CAREFULLY TAKING ONE bright paper napkin from the black conference room table, I wiped off a residue of sweat from the nape of my neck. I was nervous. Patricia Killiam, the famous godmother of synthetic reality, had decided to personally attend the meeting today, or at least her bio-simulation proxxi had.

  This was much the same thing to Atopians.

  I’d had to rush to get there, sprinting the last yards from the elevators, but I’d made it just in time. They’d immediately jumped me into my presentation to the Cognix people. The incident with the robot had really thrown me, and my pitch timing was off. I was still shaking, resenting how it made me look like an amateur.

  The new Cognix account was the biggest to ever come through our office, and I’d been named as the lead for closing the deal. Other people were always taking credit for my work. Winning this would enable me to finally take center stage. The pressure was intense.

  With my part done, I sat back and watched my colleague Bertram finish the presentation. I was thinking of my fight with Alex. He’d wanted to move in with me, but I needed my space.

  With him, it was always about spending time with his family, his brothers and sisters, but they were always judging me. It was a constant source of friction between us, made worse when he kept insisting that it was just my own insecurities. The nerve. He also wanted kids, telling me how I was too focused on my career, but I had no idea how anyone could want to bring a child into this world. It was falling apart.

  I couldn’t believe my boss had almost given Bertram the lead on closing the account. Look at him, I thought. Floppy mop of brown hair, weak chin, pantomiming away in that ridiculous multi-phasic suit and laughing at his own jokes. Judging from the way everyone was reacting to his pitch, however, whatever he was doing seemed to be working.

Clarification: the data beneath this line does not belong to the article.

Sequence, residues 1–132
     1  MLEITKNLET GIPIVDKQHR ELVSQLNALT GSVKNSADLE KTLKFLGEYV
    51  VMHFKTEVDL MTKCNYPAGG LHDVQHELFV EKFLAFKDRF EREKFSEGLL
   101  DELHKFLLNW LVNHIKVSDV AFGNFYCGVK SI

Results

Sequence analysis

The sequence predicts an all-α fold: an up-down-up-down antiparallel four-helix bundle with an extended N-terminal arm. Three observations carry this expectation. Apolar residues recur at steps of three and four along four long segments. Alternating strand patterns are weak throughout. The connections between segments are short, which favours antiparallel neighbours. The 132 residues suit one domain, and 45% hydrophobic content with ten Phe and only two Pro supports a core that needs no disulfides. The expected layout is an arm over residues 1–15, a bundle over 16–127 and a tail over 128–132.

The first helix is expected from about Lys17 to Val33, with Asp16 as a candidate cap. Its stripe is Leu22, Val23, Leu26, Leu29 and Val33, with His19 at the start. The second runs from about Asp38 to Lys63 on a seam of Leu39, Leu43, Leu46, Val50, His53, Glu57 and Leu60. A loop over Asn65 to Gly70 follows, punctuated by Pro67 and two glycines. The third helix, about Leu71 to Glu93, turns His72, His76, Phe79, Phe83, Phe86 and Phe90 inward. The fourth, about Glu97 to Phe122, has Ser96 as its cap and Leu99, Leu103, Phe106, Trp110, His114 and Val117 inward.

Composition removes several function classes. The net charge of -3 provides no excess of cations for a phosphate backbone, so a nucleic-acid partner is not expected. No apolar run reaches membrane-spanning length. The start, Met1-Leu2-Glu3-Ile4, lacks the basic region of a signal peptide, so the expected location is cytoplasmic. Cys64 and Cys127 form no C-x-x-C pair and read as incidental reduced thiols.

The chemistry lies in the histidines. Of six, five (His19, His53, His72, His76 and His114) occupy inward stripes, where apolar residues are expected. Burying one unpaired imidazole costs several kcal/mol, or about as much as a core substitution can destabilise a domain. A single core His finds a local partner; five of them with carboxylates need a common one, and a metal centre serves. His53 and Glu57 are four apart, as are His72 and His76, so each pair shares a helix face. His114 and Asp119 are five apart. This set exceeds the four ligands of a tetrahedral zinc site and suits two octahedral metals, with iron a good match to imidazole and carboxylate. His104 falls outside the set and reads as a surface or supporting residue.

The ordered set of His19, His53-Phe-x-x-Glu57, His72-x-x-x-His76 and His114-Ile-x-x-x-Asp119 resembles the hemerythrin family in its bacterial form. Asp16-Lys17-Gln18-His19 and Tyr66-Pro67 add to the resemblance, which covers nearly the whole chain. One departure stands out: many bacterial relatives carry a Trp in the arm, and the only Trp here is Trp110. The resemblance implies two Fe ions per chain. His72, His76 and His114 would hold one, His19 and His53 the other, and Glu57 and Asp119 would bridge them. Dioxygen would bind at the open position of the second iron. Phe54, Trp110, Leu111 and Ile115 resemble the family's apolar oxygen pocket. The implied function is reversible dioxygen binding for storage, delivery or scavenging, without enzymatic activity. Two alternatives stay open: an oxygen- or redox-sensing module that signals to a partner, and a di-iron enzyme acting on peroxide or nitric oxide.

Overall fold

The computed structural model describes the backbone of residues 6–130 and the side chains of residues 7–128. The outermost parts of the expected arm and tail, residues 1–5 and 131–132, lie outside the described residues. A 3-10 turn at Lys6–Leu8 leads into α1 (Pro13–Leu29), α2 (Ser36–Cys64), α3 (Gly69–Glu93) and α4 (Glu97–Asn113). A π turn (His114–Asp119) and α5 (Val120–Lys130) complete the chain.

I needed a smoke.

  Maybe I was getting too old for this. Kids nowadays had AIs running around doing most of their jobs for them. I had a hard time keeping up with it all. Thinking about kids made me think about Alex again. Had I made a terrible mistake? My stomach lurched.

  “Cognix, making tomorrow your today!” gushed Bertram as he finished up, sweeping his hand into the distance with a flourish.

  There was a smattering of applause.

  Wait a minute. That's my tagline. What the hell was he doing presenting that today? I was supposed to be using it tomorrow. I thought we’d agreed on that.

  “Something wrong, Olympia?” asked my boss, Roger. The epitome of middle-management, he always had a coffee cup in hand and a seemingly unending supply of ill-fitting suits and cheap ties.

  Was he in on it, too?

  “Olympia, do you have anything to add?” Roger asked again, lifting his coffee to take a sip. Everyone turned to look at me.

  My God, it’s stuffy in here. With a short intake of breath I thought of what I could say to make Bertram look like the fool he was. I tried to shake off sudden vertigo.

  “I, uh, I...” I stammered, but I couldn’t get anything out.

  It seemed as if all the air in the room evacuated, and I felt a crushing pain in my chest. Panic flowed hotly into my veins. Gripping my chest, I wrenched myself up from the table and fled through the door in search of air.

  “Someone call a doctor!” I heard my boss yelling behind me. My vision faded and blackness descended.

  Chapter 3

  “NOTHING MORE THAN a simple panic attack,” said the doctor.

  That was a relief. I guess I knew I wasn’t really having a heart attack, but it was good to hear anyway. The terror had been real enough at the time.

  The doctor’s bald pate reflected the overhead panel lighting like a shimmering, sweaty halo above his radiantly clean lab coat. A stethoscope hung uselessly around his neck. He leaned forward over his veneer-mahogany desk and clasped his hands, bringing them up to support his chin in what I assumed was his thoughtful pose.

  “Are you still smoking?” he asked.

  Stupid question. Of course he knew I was still smoking. This was some kind of tactic to convince me to quit. I hated it when people were manipulative.

  “Yes, I’m still smoking, but I stay fit.”

  He nodded slowly and looked at his notes, sensing this was a fight he didn’t want to get into. “This could be fixable via medication—”

  “Thanks, but no thanks. I’m on a strict, organic farmaceutical diet,” I hotly interrupted. “I need to limit the medications.”